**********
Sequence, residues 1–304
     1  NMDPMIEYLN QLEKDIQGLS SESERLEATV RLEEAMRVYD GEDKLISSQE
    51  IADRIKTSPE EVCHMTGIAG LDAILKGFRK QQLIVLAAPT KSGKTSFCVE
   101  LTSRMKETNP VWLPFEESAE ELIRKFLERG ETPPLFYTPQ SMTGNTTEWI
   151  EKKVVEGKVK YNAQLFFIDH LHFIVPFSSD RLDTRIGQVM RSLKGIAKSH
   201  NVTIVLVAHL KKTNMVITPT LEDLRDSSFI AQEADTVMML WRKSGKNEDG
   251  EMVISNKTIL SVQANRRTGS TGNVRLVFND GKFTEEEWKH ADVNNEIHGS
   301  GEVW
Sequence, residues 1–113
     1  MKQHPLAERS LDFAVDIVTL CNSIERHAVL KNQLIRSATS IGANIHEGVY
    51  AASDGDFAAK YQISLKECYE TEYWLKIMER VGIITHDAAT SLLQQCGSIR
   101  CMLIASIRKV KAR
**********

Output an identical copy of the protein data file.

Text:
Sequence, residues 1–304
     1  NMDPMIEYLN QLEKDIQGLS SESERLEATV RLEEAMRVYD GEDKLISSQE
    51  IADRIKTSPE EVCHMTGIAG LDAILKGFRK QQLIVLAAPT KSGKTSFCVE
   101  LTSRMKETNP VWLPFEESAE ELIRKFLERG ETPPLFYTPQ SMTGNTTEWI
   151  EKKVVEGKVK YNAQLFFIDH LHFIVPFSSD RLDTRIGQVM RSLKGIAKSH
   201  NVTIVLVAHL KKTNMVITPT LEDLRDSSFI AQEADTVMML WRKSGKNEDG
   251  EMVISNKTIL SVQANRRTGS TGNVRLVFND GKFTEEEWKH ADVNNEIHGS
   301  GEVW
Sequence, residues 1–113
     1  MKQHPLAERS LDFAVDIVTL CNSIERHAVL KNQLIRSATS IGANIHEGVY
    51  AASDGDFAAK YQISLKECYE TEYWLKIMER VGIITHDAAT SLLQQCGSIR
   101  CMLIASIRKV KAR